CAPE TOWN:Shivnarine Chanderpaul and captain Chris Gayle held the key to West Indian hopes after their team lost four wickets while eking out a slender lead on the third day of the second Test against South Africa at Newlands on Friday.
The West Indies were 96 for four in their second innings at the close, a lead of 18.
Chanderpaul, who batted for almost six hours in making an unbeaten 65 in the first innings, was not out on eight, while Gayle, batting with a runner, was on one.
"We're still in the game," said West Indies coach John Dyson.
"We've got Chanderpaul and Gayle still at the crease with (Dwayne) Bravo to come."
Dyson said any target over 100 could prove difficult.
"I've played in a Test match where we've chased 132 and lost. With anything over 100 funny things can happen."
Ashwell Prince, who top-scored for South Africa with 98, acknowledged that Gayle in particular could be dangerous.
"They've got a few quality players but we're confident," he said.
Gayle did not open the batting because he was receiving treatment for a hamstring injury.
Although he had been a doubtful starter for the first Test because of the same injury, he was allowed to bat with a runner because the umpires ruled that he was fit going into the game and had therefore suffered the injury during play.
Gayle's place at the top of the order was taken by wicketkeeper Denesh Ramdin, who put on 59 for the first wicket with Daren Ganga.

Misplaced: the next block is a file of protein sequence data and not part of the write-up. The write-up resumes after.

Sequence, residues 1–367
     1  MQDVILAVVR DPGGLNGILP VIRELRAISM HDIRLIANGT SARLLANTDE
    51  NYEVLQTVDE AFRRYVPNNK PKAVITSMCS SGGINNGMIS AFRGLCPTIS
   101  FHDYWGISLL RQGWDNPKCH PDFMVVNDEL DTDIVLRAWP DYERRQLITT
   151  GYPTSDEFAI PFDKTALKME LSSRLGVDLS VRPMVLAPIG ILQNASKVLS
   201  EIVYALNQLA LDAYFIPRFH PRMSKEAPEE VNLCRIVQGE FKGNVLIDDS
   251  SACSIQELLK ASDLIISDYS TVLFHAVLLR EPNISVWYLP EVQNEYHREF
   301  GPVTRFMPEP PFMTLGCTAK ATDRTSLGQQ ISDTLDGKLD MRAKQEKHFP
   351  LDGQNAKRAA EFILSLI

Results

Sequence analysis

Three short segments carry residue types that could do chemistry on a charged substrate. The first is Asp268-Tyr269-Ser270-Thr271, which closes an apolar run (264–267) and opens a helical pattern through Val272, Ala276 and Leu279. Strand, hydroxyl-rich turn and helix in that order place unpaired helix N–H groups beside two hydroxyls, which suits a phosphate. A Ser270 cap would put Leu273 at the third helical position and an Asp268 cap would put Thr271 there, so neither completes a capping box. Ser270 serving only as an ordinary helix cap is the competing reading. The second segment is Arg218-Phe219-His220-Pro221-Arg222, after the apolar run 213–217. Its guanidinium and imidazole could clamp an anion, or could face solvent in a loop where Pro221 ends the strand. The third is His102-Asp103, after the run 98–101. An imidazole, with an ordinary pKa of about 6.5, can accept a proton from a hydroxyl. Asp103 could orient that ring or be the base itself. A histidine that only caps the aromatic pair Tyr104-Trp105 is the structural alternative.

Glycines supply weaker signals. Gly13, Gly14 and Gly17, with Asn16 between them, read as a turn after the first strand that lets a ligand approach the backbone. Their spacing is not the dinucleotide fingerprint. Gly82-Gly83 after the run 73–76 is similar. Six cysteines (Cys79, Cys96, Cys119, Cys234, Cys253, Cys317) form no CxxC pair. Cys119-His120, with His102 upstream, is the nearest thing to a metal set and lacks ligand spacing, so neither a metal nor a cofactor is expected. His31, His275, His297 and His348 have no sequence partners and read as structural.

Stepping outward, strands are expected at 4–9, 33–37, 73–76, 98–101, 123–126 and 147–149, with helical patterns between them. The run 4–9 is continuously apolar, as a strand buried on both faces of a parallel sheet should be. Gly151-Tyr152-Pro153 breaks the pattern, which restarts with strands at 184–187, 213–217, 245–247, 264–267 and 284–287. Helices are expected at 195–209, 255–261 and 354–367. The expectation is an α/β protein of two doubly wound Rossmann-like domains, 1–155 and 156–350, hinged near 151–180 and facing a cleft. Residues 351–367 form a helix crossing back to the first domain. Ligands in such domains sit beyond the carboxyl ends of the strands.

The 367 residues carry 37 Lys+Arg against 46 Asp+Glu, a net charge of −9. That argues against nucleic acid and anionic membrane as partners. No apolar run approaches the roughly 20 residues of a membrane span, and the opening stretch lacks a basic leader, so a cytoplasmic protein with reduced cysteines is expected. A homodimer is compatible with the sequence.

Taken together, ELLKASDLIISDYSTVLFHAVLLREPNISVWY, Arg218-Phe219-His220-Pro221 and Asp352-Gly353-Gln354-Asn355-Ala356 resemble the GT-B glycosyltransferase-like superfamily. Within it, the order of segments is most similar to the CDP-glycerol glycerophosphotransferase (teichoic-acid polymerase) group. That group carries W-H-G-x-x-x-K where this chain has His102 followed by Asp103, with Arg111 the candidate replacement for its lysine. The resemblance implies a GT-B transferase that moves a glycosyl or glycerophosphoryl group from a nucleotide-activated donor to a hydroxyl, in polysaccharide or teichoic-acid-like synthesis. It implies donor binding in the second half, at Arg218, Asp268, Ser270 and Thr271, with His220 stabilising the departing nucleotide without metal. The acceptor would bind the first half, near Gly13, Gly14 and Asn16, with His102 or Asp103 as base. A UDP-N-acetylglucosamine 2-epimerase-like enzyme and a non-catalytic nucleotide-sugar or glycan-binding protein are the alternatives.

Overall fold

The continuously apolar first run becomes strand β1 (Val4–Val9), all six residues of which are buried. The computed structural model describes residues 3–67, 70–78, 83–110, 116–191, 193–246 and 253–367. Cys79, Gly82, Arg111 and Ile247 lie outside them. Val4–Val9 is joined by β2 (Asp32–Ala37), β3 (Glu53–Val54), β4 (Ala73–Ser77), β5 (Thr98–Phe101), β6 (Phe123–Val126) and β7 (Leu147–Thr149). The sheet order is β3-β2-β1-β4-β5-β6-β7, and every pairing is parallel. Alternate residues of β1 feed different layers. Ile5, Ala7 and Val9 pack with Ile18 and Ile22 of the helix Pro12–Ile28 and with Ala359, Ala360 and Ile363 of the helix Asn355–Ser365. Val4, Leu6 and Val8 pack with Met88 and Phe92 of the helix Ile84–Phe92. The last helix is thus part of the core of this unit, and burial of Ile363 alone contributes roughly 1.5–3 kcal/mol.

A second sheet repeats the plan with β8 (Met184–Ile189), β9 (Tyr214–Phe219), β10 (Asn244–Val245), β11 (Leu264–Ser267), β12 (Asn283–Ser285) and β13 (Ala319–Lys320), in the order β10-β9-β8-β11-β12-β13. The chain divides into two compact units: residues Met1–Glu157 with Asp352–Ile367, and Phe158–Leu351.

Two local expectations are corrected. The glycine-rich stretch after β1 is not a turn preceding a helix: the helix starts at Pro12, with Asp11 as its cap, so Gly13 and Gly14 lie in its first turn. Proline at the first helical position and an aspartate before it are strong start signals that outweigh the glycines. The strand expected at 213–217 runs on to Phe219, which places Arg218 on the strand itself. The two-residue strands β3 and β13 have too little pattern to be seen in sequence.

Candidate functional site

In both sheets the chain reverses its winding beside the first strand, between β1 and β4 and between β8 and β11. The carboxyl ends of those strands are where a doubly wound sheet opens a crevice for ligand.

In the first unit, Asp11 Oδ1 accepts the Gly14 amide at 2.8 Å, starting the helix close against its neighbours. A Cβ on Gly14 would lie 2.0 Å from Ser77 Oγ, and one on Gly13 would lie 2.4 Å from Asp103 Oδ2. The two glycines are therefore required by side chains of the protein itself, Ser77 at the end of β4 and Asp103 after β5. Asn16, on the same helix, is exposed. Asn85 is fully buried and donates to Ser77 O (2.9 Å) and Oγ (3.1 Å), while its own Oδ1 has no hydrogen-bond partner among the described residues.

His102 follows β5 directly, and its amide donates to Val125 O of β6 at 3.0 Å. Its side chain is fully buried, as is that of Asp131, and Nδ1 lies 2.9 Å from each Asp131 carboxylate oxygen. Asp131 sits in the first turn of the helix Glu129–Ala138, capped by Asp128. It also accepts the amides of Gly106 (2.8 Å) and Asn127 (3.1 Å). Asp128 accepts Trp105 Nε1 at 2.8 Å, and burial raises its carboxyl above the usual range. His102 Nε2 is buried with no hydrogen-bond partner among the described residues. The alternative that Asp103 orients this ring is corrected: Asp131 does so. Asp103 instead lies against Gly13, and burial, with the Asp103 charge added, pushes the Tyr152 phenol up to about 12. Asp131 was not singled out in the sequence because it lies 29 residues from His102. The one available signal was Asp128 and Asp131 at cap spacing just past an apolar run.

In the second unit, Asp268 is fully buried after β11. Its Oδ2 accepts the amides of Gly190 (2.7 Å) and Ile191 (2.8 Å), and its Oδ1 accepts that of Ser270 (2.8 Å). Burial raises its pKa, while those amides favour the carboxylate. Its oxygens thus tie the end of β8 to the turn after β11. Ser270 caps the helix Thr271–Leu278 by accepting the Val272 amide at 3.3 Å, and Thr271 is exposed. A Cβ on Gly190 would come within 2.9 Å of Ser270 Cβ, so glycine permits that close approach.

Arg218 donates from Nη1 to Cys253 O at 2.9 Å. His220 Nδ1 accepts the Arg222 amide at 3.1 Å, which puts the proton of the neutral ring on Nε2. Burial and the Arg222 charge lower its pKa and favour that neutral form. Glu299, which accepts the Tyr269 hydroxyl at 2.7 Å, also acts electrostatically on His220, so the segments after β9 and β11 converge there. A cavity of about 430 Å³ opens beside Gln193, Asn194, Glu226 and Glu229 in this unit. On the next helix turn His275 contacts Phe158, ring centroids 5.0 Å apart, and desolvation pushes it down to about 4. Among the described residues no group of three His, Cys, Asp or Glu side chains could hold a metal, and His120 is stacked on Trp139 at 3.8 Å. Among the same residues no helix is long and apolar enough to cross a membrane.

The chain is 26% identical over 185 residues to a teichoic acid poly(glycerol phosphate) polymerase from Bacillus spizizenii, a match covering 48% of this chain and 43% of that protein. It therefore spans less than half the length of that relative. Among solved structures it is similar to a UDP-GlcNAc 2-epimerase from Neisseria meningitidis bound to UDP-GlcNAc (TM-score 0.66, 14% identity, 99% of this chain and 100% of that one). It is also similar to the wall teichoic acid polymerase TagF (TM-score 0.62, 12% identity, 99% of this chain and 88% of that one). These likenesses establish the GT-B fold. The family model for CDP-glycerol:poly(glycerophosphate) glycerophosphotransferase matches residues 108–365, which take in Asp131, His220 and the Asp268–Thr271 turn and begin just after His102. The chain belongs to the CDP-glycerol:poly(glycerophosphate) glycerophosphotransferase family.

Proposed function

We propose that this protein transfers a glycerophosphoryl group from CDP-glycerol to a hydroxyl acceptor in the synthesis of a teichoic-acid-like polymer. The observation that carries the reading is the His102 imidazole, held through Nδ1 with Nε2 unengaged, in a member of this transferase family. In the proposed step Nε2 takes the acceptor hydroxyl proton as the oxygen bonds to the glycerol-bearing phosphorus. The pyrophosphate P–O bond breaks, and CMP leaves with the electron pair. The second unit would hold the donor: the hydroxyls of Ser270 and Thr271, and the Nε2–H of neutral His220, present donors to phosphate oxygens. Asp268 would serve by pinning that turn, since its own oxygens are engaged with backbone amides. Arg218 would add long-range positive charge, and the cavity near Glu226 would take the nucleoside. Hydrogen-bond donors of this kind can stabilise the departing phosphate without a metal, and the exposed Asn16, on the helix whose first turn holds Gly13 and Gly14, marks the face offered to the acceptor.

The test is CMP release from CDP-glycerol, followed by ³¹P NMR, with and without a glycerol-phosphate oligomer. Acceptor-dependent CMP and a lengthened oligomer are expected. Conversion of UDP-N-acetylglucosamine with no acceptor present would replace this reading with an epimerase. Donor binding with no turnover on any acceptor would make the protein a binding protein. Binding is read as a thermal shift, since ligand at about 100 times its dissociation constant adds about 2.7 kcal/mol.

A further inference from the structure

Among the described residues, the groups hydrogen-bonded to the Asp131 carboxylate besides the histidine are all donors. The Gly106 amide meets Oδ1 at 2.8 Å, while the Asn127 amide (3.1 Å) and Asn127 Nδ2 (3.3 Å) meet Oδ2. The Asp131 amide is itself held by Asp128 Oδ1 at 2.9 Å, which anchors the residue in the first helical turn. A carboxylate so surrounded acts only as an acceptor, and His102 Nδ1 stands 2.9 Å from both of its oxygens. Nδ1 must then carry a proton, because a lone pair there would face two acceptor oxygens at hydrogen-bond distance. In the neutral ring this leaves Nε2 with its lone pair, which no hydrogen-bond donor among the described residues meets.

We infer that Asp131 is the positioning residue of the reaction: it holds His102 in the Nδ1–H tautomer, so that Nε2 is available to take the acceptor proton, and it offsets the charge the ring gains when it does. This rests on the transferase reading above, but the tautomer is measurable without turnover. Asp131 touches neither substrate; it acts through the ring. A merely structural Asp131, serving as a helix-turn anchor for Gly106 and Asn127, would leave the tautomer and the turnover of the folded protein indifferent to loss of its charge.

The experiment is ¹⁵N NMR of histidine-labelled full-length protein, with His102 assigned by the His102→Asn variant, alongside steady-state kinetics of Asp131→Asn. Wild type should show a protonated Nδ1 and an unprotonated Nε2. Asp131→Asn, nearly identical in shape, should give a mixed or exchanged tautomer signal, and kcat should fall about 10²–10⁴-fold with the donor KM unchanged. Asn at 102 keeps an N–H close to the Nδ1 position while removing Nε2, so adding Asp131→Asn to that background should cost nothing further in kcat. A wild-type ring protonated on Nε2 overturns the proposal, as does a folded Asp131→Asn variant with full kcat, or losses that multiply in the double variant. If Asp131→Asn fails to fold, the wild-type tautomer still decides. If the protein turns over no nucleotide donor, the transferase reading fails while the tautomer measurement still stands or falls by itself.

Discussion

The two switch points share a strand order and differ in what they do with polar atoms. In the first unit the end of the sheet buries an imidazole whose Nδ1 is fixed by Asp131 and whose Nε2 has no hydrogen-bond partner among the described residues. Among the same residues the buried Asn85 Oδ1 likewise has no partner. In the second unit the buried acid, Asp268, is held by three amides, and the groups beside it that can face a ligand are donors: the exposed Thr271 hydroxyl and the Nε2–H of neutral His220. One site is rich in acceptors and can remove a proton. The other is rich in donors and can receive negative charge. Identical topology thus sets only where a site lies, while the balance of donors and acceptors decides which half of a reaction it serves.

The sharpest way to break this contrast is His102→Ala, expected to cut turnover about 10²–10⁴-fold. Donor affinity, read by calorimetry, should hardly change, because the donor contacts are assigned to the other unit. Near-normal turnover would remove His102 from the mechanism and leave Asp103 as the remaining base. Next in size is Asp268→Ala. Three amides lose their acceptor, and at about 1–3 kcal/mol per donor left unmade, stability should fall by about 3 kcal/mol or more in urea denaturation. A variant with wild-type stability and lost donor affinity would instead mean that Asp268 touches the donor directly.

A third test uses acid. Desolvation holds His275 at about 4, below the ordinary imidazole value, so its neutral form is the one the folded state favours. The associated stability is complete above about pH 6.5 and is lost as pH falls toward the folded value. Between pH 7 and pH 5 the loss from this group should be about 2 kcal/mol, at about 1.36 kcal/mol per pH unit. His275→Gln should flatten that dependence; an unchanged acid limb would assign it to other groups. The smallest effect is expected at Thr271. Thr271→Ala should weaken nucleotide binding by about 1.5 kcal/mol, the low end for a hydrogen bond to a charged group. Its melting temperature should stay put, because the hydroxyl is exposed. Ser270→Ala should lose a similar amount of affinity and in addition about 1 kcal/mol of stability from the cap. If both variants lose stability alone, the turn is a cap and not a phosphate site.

The partnership took the West Indies to within 19 of wiping out their first innings deficit and raised hopes that the tourists, who lead the three-match series 1-0, could set a challenging target.
But four wickets fell for 34 runs as the South African bowlers applied pressure with accurate bowling on a pitch on which scoring runs has been difficult.
Prince was mainly responsible for South Africa taking a first innings lead of 78, falling two short of a century when he was the ninth man dismissed, run out attempting a risky second run to Jerome Taylor at third man.
"I thought I had played the ball squarer than it was and immediately set off for two," he said.
"Looking at the replay I can see it went finer than I thought."
Prince and Mark Boucher (59) put on 129 for the sixth wicket to put the home side ahead.
"We needed a partnership and the longer it went on the more we tried to pick up the intensity," he said.
Prince batted for 302 minutes and faced 224 balls, hitting 11 fours.
Running out of partners, he gave two chances before he was finally out.
On 90 he gave a sharp return chance to Daren Powell and one run later he swung Dwayne Bravo to deep backward square leg. Runako Morton ran from long leg and dived but could not hold a difficult chance.
Bravo finished with four for 82.
Ramdin and Ganga could only score three runs off the bat in the first 11 overs of the second innings with Andre Nel in particular beating both batsmen several times.
Makhaya Ntini bowled five successive maidens from the other end.
The frustration for the South African bowlers ended when Ramdin edged Jacques Kallis to wicketkeeper Mark Boucher for 32 after the openers had batted for 108 minutes and 158 balls.
Dale Steyn, who batted with a runner because of a right hamstring strain, was able to bowl. Despite not hitting his top speed, he had Runako Morton caught behind for a single in the next over.
Ntini bowled a patient Daren Ganga for 22 and Nel was finally rewarded for some hostile bowling when he trapped Marlon Samuels leg before for 18.
Nel, who opened the bowling instead of Steyn, finished the day with one for 14 from 15 overs.